Thousands of Native Americans have set up camp at the confluence of the Cannonball and Missouri Rivers in southern North Dakota to protest the construction of the Dakota Access Pipeline. This pipeline, if completed, would move 500,000 barrels of oil per day from the lucrative Bakken region in North Dakota across four states to Illinois. Developers contend that it would provide the safest, most cost effective way to deliver oil from North Dakota to the rest of the country.
The location the pipeline will cross the Missouri River causes great concern for the Standing Rock Sioux, however, whose reservation begins immediately downstream. The threat of spills and poisoned water sources has fueled their mass demonstration, attracting Native Americans from all around the continent. Their concerns certainly seem valid, as early plans had the pipeline crossing the Missouri just above North Dakota’s capital, Bismark, until it was moved downstream out of fears of the potential for poisoning the city’s water supply. Many Native Americans I spoke with felt this was just a continuation of hundreds of years of racism and oppression.
Earlier this week, I joined my friend Tonya Bonitatibus, the Savannah Riverkeeper (who has battled a pipeline in her home watershed) in North Dakota to document through photos and video what was happening. I arrived around midnight and turned on to a dirt road along the Cannonball River to find the Sacred Stone Camp. As soon as I stepped out of the car I felt welcomed and began to understand the massive scale of this movement.
As I talked with the protectors (their preferred title, instead of protesters), the cultural importance of water could not be understated. I repeatedly heard that their creation story begins with water, humans are mostly water, and without water trees cannot grow and we won’t have any air to breath. Losing this lifeline is not an option for the people here. Couple that with threats to sacred sites along the pipeline route, already being disturbed as construction begins, and people are ready for a fight.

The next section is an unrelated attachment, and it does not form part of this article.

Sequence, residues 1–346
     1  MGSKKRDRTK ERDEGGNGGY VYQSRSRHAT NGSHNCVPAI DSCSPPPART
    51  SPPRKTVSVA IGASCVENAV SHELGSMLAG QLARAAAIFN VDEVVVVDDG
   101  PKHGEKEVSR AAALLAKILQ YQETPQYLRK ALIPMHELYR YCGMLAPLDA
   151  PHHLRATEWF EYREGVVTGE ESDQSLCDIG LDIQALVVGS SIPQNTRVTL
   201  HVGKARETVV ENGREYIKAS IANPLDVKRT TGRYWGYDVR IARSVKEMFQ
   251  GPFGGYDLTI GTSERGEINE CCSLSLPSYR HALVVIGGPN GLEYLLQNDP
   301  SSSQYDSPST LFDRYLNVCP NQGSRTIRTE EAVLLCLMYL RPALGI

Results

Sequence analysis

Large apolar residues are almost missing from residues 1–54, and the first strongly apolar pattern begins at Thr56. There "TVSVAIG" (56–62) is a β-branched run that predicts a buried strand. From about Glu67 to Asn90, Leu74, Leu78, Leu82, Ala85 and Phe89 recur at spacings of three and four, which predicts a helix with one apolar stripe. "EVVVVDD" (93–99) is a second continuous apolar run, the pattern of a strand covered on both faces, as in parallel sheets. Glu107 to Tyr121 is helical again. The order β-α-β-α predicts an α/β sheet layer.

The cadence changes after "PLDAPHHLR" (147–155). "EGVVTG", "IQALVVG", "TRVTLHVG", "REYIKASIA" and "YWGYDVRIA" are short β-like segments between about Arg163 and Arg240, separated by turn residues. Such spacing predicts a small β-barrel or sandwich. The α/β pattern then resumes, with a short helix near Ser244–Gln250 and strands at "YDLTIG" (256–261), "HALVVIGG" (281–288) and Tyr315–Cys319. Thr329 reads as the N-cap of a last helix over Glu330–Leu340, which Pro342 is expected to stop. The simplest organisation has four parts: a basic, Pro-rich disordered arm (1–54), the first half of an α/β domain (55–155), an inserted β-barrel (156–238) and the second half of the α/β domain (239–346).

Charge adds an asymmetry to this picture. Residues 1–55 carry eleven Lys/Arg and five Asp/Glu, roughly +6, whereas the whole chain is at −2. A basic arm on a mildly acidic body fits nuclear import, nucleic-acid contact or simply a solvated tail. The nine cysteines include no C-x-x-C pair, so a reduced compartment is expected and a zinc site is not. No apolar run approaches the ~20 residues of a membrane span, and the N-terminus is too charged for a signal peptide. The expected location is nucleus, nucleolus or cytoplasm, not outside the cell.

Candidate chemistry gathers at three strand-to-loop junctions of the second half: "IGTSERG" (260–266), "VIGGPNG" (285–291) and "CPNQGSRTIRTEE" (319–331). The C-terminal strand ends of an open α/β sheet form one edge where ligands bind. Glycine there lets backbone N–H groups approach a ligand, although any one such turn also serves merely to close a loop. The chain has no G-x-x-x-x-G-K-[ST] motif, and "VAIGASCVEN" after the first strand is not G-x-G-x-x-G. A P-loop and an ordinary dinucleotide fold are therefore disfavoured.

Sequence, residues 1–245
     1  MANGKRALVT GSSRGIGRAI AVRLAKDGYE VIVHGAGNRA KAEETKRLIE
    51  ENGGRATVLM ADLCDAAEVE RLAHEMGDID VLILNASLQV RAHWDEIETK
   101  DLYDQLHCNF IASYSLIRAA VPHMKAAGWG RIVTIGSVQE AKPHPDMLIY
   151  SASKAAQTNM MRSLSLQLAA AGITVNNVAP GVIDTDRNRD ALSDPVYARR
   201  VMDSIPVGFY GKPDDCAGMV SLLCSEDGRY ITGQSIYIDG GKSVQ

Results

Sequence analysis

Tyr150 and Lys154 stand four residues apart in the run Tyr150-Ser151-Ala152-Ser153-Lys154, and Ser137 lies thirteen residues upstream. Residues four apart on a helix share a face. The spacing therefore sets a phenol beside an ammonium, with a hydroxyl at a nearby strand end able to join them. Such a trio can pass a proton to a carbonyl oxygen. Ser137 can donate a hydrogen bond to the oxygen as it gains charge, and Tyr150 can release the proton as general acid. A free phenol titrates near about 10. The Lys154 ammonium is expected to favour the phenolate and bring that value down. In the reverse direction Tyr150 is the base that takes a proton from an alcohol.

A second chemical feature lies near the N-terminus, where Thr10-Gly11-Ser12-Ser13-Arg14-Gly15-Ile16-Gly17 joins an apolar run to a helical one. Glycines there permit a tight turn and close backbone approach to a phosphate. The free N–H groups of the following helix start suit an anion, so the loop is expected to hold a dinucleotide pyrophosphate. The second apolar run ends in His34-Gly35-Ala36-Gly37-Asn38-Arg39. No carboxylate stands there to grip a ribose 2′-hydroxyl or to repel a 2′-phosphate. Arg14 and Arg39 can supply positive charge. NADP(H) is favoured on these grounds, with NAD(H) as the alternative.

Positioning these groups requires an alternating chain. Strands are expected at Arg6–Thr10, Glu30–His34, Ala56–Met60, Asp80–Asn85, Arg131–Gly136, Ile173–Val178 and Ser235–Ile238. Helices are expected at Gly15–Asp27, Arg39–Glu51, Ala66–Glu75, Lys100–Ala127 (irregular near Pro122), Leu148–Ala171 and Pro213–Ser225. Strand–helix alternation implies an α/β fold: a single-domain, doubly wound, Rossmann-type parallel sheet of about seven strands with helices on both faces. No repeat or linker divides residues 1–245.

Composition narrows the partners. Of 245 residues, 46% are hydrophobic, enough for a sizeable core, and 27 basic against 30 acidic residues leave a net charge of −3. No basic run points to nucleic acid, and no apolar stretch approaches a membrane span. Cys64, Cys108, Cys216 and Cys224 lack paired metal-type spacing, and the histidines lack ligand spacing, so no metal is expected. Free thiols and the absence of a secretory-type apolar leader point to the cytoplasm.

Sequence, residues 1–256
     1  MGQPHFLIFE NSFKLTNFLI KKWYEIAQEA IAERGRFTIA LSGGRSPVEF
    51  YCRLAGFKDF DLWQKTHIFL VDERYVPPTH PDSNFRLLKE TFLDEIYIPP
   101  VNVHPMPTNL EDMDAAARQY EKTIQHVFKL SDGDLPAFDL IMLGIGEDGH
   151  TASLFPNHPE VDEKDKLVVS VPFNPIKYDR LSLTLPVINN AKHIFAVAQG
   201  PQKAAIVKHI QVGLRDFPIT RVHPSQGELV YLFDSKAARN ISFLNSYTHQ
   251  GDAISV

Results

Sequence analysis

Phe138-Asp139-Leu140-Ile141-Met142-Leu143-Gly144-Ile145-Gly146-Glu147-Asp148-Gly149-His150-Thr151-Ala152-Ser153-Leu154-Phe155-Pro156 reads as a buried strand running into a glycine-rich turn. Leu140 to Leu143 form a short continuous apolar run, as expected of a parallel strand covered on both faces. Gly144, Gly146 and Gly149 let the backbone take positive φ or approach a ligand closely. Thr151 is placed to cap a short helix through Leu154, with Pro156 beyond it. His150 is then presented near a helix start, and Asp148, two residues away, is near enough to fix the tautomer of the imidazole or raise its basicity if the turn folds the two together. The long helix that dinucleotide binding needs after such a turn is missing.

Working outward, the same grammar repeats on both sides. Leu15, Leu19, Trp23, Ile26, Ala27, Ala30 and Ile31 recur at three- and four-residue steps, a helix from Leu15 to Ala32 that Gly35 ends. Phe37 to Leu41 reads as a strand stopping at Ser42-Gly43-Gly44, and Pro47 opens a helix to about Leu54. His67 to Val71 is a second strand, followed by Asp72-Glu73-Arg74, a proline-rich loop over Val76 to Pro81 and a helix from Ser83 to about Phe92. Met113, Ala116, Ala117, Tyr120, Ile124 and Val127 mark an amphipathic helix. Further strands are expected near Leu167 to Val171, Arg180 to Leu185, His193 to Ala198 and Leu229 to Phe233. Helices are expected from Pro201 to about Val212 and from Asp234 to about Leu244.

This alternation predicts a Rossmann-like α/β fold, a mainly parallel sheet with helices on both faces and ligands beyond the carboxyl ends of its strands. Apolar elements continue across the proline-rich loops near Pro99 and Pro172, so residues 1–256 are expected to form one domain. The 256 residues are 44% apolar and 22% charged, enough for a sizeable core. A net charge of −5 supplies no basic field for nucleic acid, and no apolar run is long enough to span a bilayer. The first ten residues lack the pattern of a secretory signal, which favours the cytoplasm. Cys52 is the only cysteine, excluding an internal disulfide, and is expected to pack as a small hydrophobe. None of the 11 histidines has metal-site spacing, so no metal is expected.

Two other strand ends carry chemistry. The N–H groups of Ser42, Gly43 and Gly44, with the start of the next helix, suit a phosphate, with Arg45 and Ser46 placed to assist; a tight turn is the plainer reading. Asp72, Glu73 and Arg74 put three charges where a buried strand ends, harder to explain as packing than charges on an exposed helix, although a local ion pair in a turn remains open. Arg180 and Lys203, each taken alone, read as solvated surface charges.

The next morning we went to visit a camp on the highway where protectors clashed with construction crews days before as bulldozers tore up native burial and other sacred sites. The air was cold and quiet, with people sipping coffee as they kept a lookout. While all seemed calm I could tell there was a powder keg of energy ready to blow. That spark arrived when lookouts reported construction crews had started work on an area of the pipeline about 15 miles away.
We mobilized as dozens of masked people jumped into cars and pickup trucks and tore out. As our convoy sped down the final hill to the site, I could see construction workers sprinting for the safety of their trucks as they abandoned work for the day. Protectors took over the site (with no weapons, just song and prayer, it should be noted), raising flags and signs and even chaining themselves to the construction equipment. The police stood by watching, only trying to keep the road open for traffic.
The protectors occupied the site all day and in what was mostly viewed as a success, construction was halted for another day and no one was hurt.
As the battle continues on the ground, the protectors hope that the court system and government at large will use this as an opportunity to honor treaties and support the original occupants of this country. Here are some ways that you can help make that happen.
Corey Robinson is a National Geographic Young Explorer, photographer and filmmaker whose work focuses on people’s connection to land and water. Follow along for more photos and updates on Instagram @coreyrobinson